Assessing the Effects of Fiscal Shocks

45 Pages Posted: 8 Aug 2012

See all articles by A. Craig Burnside

A. Craig Burnside

Duke University - Department of Economics; University of Glasgow - Department of Economics; National Bureau of Economic Research (NBER)

Martin Eichenbaum

Northwestern University; National Bureau of Economic Research (NBER)

Jonas D. M. Fisher

Federal Reserve Bank of Chicago - Economic Research Department

Date Written: January 2000

Abstract

This paper investigates the response of real wages and hours worked to an exogenous shock in fiscal policy. We identify this shock with the dynamic response of government purchases and tax rates to an exogenous increase in military purchases. The fiscal shocks that we isolate are characterized by highly correlated increases in government purchases, tax rates and hours worked as well as persistent declines in real wages. We assess the ability of standard Real Business Cycle models to account for these facts. They can-but only under the assumption that marginal income tax rates are constant, a standard assumption in the literature. Once we abandon this counterfactual assumption, RBC models cannot account for the facts. We argue that our empirical findings pose a challenge to a wide class of business cycle models.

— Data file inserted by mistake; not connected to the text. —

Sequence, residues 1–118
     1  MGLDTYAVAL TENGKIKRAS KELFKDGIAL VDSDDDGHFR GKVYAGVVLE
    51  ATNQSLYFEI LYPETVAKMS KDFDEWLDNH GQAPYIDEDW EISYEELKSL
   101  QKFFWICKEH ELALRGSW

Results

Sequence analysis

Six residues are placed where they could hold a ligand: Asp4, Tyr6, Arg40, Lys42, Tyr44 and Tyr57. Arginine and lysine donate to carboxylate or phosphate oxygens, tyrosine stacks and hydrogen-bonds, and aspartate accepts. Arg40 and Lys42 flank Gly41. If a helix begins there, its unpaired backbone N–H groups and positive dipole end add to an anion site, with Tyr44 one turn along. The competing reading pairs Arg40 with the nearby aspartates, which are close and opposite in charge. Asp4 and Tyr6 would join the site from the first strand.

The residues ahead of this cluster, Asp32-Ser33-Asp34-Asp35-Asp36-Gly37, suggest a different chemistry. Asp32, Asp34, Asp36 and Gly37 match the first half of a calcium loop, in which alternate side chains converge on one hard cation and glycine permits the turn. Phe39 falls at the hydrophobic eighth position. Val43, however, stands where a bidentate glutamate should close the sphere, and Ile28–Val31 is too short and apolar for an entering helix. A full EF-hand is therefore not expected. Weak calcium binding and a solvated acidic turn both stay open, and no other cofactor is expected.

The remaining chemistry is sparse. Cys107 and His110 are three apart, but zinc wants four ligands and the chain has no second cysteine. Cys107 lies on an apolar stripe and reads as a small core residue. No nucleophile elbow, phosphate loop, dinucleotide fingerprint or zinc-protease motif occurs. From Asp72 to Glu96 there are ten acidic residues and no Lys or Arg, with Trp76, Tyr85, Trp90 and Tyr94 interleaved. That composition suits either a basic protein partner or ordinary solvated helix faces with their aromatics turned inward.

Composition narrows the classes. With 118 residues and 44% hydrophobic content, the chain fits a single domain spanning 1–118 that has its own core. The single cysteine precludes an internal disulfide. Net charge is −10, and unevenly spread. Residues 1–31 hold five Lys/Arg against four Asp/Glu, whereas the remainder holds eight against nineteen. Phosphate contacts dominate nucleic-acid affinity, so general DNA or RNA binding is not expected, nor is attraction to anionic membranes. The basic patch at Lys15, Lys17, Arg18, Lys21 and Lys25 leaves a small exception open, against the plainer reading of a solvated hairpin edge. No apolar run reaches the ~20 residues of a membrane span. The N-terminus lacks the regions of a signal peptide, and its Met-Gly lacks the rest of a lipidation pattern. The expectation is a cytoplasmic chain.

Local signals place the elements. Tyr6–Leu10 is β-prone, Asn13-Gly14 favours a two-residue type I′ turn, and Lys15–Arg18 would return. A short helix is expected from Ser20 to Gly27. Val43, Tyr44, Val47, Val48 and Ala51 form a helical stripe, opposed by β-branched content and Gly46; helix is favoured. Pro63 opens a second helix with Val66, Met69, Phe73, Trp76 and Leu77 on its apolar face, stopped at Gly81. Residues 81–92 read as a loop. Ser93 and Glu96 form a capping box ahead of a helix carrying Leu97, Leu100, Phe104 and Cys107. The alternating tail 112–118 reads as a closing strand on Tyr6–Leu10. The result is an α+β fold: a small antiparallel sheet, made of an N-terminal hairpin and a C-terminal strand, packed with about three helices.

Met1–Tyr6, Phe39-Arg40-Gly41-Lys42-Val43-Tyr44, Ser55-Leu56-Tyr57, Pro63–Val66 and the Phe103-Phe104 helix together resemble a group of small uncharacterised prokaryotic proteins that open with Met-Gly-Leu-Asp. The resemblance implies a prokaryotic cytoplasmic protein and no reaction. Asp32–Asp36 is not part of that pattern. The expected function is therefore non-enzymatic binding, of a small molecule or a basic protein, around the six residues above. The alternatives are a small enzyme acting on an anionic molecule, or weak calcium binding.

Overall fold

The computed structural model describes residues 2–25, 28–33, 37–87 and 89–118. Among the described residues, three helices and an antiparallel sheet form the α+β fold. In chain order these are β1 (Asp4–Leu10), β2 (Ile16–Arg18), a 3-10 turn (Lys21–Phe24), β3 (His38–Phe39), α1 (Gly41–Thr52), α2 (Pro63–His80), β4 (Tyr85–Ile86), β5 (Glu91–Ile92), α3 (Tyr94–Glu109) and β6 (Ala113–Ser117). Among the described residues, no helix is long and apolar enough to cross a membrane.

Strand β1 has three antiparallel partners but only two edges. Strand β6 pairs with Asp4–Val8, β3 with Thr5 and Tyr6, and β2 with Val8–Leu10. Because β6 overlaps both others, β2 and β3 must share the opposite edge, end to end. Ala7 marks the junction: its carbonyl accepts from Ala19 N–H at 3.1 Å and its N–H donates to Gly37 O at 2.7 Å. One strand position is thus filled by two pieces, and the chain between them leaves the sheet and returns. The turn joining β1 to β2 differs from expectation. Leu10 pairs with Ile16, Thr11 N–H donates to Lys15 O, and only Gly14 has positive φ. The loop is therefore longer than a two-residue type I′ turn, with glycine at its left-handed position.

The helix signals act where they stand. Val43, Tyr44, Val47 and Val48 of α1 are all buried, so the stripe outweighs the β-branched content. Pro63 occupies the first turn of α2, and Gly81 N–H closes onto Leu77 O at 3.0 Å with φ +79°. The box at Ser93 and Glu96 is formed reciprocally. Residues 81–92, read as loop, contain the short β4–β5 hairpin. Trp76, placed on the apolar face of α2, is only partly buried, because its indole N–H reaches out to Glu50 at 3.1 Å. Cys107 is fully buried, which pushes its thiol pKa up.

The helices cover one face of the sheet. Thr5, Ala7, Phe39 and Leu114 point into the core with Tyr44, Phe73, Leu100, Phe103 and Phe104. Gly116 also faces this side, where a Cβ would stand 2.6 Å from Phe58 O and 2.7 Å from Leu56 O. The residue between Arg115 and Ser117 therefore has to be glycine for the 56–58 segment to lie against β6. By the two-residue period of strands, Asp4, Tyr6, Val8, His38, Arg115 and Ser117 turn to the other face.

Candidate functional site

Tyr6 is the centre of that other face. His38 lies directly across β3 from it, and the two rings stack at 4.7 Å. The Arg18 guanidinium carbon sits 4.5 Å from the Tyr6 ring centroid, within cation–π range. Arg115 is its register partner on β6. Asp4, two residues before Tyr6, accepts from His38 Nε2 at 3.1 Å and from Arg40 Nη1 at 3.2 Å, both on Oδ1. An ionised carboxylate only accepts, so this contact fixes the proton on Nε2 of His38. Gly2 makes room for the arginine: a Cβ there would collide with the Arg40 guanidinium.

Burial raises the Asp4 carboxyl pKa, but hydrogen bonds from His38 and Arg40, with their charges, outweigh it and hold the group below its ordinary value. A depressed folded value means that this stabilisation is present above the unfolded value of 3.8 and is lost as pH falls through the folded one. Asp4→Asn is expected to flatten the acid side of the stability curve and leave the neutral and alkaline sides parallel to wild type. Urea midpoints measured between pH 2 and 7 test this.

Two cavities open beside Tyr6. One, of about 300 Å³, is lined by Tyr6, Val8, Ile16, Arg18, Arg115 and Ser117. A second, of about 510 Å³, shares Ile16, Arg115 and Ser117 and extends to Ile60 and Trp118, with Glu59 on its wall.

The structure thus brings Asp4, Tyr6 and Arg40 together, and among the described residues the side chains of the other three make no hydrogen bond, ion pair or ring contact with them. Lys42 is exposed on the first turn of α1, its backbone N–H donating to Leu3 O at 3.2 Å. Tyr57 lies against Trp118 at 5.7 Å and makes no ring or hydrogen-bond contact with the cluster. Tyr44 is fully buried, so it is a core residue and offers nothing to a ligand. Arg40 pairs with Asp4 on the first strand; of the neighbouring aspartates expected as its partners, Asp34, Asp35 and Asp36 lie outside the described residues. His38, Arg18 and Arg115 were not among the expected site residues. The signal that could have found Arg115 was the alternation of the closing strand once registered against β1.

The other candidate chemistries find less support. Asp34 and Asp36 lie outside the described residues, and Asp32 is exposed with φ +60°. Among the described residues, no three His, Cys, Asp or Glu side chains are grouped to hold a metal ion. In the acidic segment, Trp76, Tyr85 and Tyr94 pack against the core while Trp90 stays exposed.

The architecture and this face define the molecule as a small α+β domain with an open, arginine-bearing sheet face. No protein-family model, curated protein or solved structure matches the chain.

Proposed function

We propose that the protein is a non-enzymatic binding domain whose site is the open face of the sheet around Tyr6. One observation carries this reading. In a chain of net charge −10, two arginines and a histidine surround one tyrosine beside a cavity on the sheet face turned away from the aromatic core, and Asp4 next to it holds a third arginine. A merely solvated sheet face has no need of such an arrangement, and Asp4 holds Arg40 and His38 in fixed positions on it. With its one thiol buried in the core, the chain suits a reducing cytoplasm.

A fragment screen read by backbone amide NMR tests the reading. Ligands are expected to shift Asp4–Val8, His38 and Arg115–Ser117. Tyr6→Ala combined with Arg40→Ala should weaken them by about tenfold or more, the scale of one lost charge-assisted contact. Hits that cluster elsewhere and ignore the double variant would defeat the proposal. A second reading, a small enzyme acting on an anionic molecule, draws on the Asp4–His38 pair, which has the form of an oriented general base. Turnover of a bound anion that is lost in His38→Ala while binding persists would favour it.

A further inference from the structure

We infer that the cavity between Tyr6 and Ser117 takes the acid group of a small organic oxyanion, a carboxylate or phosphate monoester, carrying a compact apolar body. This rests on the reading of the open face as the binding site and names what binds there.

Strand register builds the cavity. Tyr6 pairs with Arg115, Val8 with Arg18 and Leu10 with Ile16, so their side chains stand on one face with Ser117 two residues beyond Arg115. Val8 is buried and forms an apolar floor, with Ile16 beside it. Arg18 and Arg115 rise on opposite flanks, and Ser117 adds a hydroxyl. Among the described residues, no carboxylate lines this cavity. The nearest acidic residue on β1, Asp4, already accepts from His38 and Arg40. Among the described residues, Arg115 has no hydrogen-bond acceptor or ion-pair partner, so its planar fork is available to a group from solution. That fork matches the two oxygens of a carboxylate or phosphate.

Suggested Citation

Burnside, Craig and Eichenbaum, Martin and Fisher, Jonas D. M., Assessing the Effects of Fiscal Shocks (January 2000). NBER Working Paper No. w7459, Available at SSRN: https://ssrn.com/abstract=214649

Craig Burnside (Contact Author)

Duke University - Department of Economics ( email )

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University of Glasgow - Department of Economics

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Martin Eichenbaum

Northwestern University ( email )

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National Bureau of Economic Research (NBER)

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Jonas D. M. Fisher

Federal Reserve Bank of Chicago - Economic Research Department ( email )

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Chicago, IL 60604-1413
United States

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